• Russia May Need to Seek International Loans Russia may need to seek money from international markets next year as its revenues continue to decline and the country has spent about one third -- $200 million -- of its vast cash reserves.
  • Ahead of Stress Test Results, Banks Balk at More Federal Aid The call by some banks for the government to hold off on any new infusion of aid for the sector has been labeled "grandstanding" by some. The government is poised to unveil its assessment of banks in early May.
Ag media Monitoring the countryside

Omaha World-Herald (Nebraska)

  • Omaha ranks high for distillers grain site A New Jersey firm is labeling Omaha as the \ sixth most favorable place on a list of 35 cities for a plant that would use dried distillers grains for "functional foods" -- high-energy sports drinks, cholesterol-lowering yogurts and butter-type spreads and cancer-fighting teas, chocolates and breakfast cereals.

Des Moines Register (Iowa)

Laughing with, not at From political humorists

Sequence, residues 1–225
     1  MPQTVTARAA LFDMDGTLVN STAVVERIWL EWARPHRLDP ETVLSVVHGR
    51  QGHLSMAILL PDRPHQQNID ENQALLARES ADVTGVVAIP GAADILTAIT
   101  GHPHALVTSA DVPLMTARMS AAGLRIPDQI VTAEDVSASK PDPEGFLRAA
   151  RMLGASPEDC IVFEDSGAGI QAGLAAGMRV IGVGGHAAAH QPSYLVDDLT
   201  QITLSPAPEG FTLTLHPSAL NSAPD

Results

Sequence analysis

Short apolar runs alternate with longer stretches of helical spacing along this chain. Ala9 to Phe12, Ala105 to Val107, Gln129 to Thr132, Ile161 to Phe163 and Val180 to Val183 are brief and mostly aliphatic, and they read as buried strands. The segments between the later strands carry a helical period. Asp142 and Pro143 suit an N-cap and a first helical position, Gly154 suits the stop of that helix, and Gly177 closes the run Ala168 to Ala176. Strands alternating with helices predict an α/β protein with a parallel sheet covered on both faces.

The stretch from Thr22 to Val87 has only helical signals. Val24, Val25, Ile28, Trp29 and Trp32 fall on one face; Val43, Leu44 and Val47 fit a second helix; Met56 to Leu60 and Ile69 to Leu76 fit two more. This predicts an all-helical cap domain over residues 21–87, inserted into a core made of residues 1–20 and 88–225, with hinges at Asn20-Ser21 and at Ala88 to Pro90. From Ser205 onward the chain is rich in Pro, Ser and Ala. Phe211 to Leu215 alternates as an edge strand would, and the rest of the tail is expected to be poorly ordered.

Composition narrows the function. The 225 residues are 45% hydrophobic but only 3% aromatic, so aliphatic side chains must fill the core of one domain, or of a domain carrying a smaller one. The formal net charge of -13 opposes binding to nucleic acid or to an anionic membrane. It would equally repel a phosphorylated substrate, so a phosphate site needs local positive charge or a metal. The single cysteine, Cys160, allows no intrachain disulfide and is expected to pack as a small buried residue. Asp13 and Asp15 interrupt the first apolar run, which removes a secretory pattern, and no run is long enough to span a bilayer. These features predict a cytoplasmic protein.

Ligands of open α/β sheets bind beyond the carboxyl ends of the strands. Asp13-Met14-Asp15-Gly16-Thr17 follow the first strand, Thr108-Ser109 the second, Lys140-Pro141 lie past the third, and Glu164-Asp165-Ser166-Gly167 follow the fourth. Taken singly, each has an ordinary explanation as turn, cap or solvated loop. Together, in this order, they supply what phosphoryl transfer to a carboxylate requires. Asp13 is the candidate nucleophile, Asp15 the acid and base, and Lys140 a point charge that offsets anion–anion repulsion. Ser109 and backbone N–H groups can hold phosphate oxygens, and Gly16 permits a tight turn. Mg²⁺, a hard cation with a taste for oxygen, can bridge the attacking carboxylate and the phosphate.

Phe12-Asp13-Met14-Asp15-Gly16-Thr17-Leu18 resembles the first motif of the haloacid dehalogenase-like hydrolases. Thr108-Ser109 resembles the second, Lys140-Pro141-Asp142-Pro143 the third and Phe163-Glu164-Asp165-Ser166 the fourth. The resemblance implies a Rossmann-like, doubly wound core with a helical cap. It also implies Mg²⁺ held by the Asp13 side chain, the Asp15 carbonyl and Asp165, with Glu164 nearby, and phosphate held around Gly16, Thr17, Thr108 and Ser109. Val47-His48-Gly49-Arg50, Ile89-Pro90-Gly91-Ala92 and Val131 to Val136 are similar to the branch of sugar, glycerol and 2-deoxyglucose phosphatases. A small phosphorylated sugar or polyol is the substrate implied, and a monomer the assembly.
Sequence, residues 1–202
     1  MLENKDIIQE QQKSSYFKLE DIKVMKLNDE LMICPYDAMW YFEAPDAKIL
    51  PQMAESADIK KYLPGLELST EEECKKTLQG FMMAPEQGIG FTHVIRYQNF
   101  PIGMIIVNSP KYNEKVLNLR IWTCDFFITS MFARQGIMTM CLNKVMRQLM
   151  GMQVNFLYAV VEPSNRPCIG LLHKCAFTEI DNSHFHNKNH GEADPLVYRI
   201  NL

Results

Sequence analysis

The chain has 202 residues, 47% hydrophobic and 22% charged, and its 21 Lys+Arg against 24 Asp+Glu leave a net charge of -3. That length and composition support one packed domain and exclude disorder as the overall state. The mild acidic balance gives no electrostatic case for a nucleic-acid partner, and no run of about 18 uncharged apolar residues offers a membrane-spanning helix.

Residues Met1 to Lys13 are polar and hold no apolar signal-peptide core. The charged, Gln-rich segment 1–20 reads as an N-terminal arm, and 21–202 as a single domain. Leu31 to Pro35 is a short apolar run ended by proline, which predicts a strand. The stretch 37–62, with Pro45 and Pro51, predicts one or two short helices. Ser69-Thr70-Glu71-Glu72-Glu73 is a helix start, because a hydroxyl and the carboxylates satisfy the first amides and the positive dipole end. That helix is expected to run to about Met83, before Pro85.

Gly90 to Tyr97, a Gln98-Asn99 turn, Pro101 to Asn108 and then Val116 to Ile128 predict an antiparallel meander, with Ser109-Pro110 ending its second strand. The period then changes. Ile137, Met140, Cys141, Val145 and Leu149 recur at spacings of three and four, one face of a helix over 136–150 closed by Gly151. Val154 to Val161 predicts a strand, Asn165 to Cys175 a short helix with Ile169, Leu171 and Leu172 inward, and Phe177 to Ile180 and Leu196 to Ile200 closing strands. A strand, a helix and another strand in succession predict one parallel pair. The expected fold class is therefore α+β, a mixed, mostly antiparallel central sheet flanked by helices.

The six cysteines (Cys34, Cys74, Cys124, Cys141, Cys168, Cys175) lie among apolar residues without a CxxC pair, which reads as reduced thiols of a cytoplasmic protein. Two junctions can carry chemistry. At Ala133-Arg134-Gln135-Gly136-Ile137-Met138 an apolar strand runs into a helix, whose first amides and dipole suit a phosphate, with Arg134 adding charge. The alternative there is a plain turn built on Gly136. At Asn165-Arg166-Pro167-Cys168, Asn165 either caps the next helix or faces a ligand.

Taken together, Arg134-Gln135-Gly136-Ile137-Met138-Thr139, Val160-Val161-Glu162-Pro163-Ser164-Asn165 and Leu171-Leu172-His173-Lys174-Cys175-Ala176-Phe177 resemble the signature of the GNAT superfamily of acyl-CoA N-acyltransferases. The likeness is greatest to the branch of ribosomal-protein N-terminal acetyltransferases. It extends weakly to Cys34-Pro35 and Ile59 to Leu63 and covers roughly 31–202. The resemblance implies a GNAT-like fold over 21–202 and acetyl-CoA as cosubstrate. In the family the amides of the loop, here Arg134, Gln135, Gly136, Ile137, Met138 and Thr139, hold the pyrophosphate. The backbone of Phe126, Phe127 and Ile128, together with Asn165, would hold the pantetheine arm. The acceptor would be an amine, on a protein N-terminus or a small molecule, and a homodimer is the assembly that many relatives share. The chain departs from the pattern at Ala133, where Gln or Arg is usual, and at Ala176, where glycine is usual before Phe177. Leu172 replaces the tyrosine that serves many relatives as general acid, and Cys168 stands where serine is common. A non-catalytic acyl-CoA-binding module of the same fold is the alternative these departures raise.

Jay Leno: "Well, you've been watching the big score over the weekend, huh? Navy 3, pirates 0. Yeah!"

Jay Leno: "Anyway, they asked Captain Phillips what he's going to do now. And he said he's going to Disneyland to wipe out the Pirates of the Caribbean. So I think he's a little wound up."

David Letterman: "How about that story," with the pirates "off the coast of Somalia? Man, I mean, President Obama, this guy is getting it done, you know. He rounded up the Somali pirates" and the "Madoffs all in the same year. Looking pretty good."

Jimmy Fallon: "Well, the wait...is over. The Obamas have chosen a new White House dog." It is "a Portuguese water dog named Bo. Very cute dog. Their first choice" was "a wheaten terrier, but it was arrested for tax evasion."